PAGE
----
Prior to November 2007, our IV room presented us with several challenges related to USP <797> compliance. First, although the large room was segregated from the rest of the pharmacy, it was not well divided into separate ante and buffer areas. Second, our cleanroom and anteroom casework was stationary and its porous surfaces were not easy to clean or disinfect. In addition to our plans to renovate our current cleanroom environment, we also expect to relocate our central pharmacy to a new patient care facility within three to five years. Therefore, we were very interested in purchasing quality equipment that was both durable and mobile, so that it can be easily adapted to our new environment after the move.

We began the renovation project in November 2007, and completed it in March 2008. The construction project divided our old IV room into two physically separate rooms – an ante room that houses computers, printers, refrigerators, drugs, and other supplies, and an ISO Class 7 cleanroom that houses four ISO Class 5 laminar airflow workstations. Workflow access between the cleanroom and the anteroom is limited to two airlock pass-through window chambers, through which we pass labels and drug supplies into the cleanroom. Completed products are sent to the anteroom for pharmacist verification. Our technicians enter the cleanroom through a small gowning and garbing room.

Of course, in renovating our compounding complex, we were eager to upgrade our cleanroom and anteroom casework. We ultimately selected InterMetro fixtures for several reasons. For one, we had purchased InterMetro casework for a prior renovation and were very pleased with their product and service. Also, we were specifically looking for ease of cleaning and flexibility in our cleanroom and anteroom fixtures. The casework’s Microban-treated work surfaces and clean-ability became key decision criteria for us, as did our ability to custom design the carts we purchased from InterMetro. To accommodate our compounding workflow, we equipped each of the carts with drawers for drug storage and shelves for other supplies. We also included file drawers for ease in storing quality assurance and training documentation in our anteroom. Furthermore, because the casework is available on lockable casters, it has allowed us the flexibility to adjust the arrangement and spacing of our workstations as we have redefined our post-renovation compounding workflow.

 


Specializing in inpatient medication distribution and sterile compounding, Rebecca Reagan, PharmD, has been a health-system pharmacist for 22 years. Currently the associate director of pharmacy services responsible for central pharmacy operations, Reagan has worked for UK HealthCare since 1998. She obtained a BS in pharmacy from the University of Tennessee College of Pharmacy and a PharmD from the University of Kentucky College of Pharmacy.

 


Specializing in inpatient medication distribution and sterile compounding, Rebecca Reagan, PharmD, has been a health-system pharmacist for 22 years. Currently the associate director of pharmacy services responsible for central pharmacy operations, Reagan has worked for UK HealthCare since 1998. She obtained a BS in pharmacy from the University of Tennessee College of Pharmacy and a PharmD from the University of Kentucky College of Pharmacy.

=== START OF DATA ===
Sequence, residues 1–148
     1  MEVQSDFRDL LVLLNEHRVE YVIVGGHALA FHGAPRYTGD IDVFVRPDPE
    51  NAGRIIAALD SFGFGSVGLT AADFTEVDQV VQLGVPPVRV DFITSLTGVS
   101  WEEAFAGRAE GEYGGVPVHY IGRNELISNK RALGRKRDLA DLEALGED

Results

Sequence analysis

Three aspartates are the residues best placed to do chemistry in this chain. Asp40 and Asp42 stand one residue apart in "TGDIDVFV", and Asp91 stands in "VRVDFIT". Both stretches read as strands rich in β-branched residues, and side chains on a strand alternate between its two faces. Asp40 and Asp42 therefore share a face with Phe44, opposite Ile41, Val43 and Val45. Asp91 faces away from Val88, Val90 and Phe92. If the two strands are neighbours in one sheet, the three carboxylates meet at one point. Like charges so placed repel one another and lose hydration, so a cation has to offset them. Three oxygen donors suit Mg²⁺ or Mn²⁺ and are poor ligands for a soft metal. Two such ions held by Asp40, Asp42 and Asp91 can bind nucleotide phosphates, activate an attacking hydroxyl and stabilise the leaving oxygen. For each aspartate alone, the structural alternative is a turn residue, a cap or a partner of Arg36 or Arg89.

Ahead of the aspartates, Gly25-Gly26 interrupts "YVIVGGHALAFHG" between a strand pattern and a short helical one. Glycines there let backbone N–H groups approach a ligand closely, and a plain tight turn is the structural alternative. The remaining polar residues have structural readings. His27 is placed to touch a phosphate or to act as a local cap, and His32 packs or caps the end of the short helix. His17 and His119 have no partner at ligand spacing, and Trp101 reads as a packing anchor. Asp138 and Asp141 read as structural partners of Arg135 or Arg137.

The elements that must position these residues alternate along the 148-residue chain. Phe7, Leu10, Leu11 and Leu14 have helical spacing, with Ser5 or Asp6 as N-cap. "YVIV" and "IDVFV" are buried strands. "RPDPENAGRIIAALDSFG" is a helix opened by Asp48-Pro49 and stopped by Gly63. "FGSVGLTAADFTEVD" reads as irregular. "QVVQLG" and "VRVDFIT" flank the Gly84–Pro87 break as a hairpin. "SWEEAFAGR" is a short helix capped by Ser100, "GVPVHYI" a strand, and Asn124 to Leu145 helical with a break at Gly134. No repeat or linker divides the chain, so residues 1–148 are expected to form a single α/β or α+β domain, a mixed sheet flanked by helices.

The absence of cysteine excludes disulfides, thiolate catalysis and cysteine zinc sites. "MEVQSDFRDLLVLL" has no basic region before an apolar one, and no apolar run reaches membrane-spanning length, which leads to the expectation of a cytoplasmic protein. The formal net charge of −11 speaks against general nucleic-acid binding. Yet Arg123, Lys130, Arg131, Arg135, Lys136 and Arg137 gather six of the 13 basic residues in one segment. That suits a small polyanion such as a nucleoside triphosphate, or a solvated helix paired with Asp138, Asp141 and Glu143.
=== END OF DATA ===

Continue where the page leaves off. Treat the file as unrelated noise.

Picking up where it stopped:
Constructing a New Cleanroom
• By Sharlene Lau, PharmD

A 401-bed, not-for-profit community hospital, Bethesda Memorial Hospital and its affiliates offer a full array of health care services, including a nationally accredited vascular institute, general and specialized surgery, maternity services, and neonatal and pediatric intensive care, among other specialty areas. Prior to renovating our pharmacy’s cleanroom in December 2007, we faced several challenges in achieving USP <797> compliance. We temporarily relocated our compounding operations to a new room, and contracted with R.C. Smith to build an IV room that met the specifications set forth by USP <797>. R.C. Smith provided the design and construction of the cleanroom, working with our facilities staff and engineer throughout the project.

We chose to work with R.C. Smith on the design of our cleanroom, because we had visited other cleanrooms completed by the company and liked what we saw. We wanted a design that would accommodate our daily workflow, while meeting USP <797>’s stringent construction requirements. R.C. Smith was quick to address our requests, such as our desire to add a STAT hood to our cleanroom. They worked with us throughout the entire process, which took about three and a half months. 

Per our goals, our new cleanroom accommodates our workflow and meets USP <797> requirements. Furthermore, our pharmacy staff is very satisfied with the design, as it did not hinder their workflow. R.C. Smith’s work ensured a functional cleanroom for our pharmacy. We are very pleased with the workflow design and the casework quality.

 


Sharlene Lau, PharmD, has been the director of pharmacy at Bethesda Memorial Hospital for three years. Prior to assuming her current post, she was the operations manager for two years, after serving as clinical manager for seven years. She received her doctorate from the University of Florida, Gainesville.

 


Sharlene Lau, PharmD, has been the director of pharmacy at Bethesda Memorial Hospital for three years. Prior to assuming her current post, she was the operations manager for two years, after serving as clinical manager for seven years. She received her doctorate from the University of Florida, Gainesville.

 


  

WHERE TO FIND Cleanroom and Anteroom Casework and Storage